For a few years in the '60s and '70s producer Gerry Anderson made "supermarionation" all the rage in the world of British children's television. His stop-motion puppets starred in a number of sci-fi adventure series most memorably Thunderbirds which followed the exploits of International Rescue -- a team comprised of ex-astronaut Jeff Tracy and his sons. Based out of their secret fortress on Treasure Island the Tracys (aided by lovely secret agent Lady Penelope) used their amazing rocket-powered vehicles to prevent disasters and save lives around the world. Now 40 years after Thunderbirds' TV debut Star Trek vet Jonathan Frakes has brought Anderson's characters to life on the big screen. Front and center is youngest son Alan Tracy (Brady Corbet) who dreams of the day he too can pilot one of his family's fab ships and lead missions. But first he has to prove himself to his father Jeff (Bill Paxton). That opportunity comes sooner than either expects when mysterious villain The Hood (Ben Kingsley) strands Jeff and the older Tracy boys in space and attacks Treasure Island. With only his friends Tintin (Vanessa Anne Hudgens) and Fermat (Soren Fulton) to help him Alan has to grow up quickly if he wants to save his family ... and the world!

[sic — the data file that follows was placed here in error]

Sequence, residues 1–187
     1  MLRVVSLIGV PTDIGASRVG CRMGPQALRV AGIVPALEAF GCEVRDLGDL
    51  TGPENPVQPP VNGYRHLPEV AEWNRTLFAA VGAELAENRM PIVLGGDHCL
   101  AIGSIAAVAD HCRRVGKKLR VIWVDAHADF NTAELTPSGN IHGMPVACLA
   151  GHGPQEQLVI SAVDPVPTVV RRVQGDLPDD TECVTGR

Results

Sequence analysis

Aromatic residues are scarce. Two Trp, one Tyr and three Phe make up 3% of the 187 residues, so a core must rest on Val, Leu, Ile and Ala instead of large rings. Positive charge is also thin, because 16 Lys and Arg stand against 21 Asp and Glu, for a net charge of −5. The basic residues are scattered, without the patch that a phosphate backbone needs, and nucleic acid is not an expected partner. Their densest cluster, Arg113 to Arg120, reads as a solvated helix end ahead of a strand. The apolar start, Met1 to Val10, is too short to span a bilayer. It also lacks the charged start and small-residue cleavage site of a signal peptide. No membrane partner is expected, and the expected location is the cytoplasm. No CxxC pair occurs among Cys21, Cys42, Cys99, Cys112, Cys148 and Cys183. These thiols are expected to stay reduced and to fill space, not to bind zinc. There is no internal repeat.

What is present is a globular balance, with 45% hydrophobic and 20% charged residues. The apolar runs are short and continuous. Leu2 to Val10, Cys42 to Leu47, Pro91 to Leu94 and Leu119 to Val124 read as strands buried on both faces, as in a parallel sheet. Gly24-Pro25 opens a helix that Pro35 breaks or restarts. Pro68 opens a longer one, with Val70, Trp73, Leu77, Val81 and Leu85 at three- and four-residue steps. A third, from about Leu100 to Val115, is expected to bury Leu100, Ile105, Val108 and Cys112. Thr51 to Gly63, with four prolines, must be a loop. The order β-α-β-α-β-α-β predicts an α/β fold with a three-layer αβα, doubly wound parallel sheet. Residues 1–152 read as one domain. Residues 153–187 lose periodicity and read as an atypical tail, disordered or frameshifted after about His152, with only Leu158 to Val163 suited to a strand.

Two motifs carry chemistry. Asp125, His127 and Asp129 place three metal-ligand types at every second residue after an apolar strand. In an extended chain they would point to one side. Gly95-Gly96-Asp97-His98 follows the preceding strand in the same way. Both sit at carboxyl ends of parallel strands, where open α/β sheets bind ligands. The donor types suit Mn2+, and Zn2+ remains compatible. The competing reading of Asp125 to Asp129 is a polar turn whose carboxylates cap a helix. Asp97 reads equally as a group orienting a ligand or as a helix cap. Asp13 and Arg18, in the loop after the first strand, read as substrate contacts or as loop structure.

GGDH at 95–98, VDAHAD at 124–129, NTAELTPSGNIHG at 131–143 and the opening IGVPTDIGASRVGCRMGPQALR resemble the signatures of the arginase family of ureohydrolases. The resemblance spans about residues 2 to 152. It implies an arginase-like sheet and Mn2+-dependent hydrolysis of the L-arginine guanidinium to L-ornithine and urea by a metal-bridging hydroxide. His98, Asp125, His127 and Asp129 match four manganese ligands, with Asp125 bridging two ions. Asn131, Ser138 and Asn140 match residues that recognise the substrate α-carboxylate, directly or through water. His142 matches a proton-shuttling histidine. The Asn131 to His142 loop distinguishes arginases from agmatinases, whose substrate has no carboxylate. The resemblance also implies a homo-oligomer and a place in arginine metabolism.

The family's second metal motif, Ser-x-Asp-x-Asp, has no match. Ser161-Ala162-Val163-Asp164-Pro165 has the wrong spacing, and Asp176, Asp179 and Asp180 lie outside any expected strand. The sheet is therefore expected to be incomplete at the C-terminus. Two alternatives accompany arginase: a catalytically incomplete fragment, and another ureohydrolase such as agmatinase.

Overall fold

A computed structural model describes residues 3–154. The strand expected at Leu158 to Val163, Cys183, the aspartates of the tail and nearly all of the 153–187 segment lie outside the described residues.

It would be easy to mock several of the performances in Thunderbirds-- to chide Paxton for his earnest seriousness as Tracy patriarch Jeff to dismiss Corbet's angst-tinged eagerness as Alan to roll your eyes at Kingsley's over-the-top mystical fierceness as The Hood and to wince at Fulton and Anthony Edwards' nerdy stuttering as science whizzes Fermat and his dad Brains. But actors are only as good as their script and the one Frakes has given his cast (courtesy of screenwriters William Osborne and Michael McCullers) is weak and clichéd at best filled with after-school-special-worthy lessons for Alan to learn. "You can't save everyone " Jeff tells his son somberly and even Tintin has a moral for her crush when he's feeling selfish and indulging in self-pity: "This is hard on all of us Alan." Talk about insight! What makes it even more frustrating is knowing that the actors are capable of much more even the kids: Both Corbet and Hudgens did well with supporting roles in Thirteen. Thunderbirds' only real bright spot is Sophia Myles as Lady Penelope. A cross between Reese Witherspoon's Elle in Legally Blonde and Jennifer Garner's Sydney on Alias Myles' Lady P doesn't let her pink couture wardrobe prevent her from coolly kicking ass when the situation demands it. Attended by her droll driver/man-of-all-trades Parker (Ron Cook) Lady Penelope is a fresh feisty heroine with all of the film's best lines -- and the coolest car to boot.